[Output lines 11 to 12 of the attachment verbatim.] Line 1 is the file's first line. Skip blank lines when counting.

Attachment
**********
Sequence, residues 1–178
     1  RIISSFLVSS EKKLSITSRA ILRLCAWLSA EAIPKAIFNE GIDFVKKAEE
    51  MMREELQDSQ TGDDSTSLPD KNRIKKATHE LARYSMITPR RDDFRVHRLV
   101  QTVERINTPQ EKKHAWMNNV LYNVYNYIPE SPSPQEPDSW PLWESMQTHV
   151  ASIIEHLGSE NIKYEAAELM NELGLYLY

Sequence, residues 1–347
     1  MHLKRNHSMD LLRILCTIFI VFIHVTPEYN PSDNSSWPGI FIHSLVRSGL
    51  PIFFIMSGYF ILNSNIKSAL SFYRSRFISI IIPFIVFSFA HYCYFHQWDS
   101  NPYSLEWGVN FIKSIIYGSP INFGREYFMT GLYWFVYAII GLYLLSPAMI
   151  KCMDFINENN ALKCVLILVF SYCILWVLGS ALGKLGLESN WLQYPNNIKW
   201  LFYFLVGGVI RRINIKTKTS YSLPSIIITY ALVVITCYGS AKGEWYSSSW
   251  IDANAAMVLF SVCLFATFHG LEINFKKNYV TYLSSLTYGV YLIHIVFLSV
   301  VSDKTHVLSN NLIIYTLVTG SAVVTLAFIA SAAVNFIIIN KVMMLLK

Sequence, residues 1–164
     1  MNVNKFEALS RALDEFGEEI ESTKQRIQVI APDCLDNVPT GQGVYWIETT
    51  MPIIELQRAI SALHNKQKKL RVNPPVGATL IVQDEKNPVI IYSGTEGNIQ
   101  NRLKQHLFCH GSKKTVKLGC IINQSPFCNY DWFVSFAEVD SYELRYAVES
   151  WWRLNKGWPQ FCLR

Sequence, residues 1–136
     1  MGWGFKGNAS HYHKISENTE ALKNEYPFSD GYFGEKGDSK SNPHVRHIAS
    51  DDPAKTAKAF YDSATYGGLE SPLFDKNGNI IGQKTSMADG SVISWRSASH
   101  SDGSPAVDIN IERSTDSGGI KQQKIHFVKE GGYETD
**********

   201  LFYFLVGGVI RRINIKTKTS YSLPSIIITY ALVVITCYGS AKGEWYSSSW
   251  IDANAAMVLF SVCLFATFHG LEINFKKNYV TYLSSLTYGV YLIHIVFLSV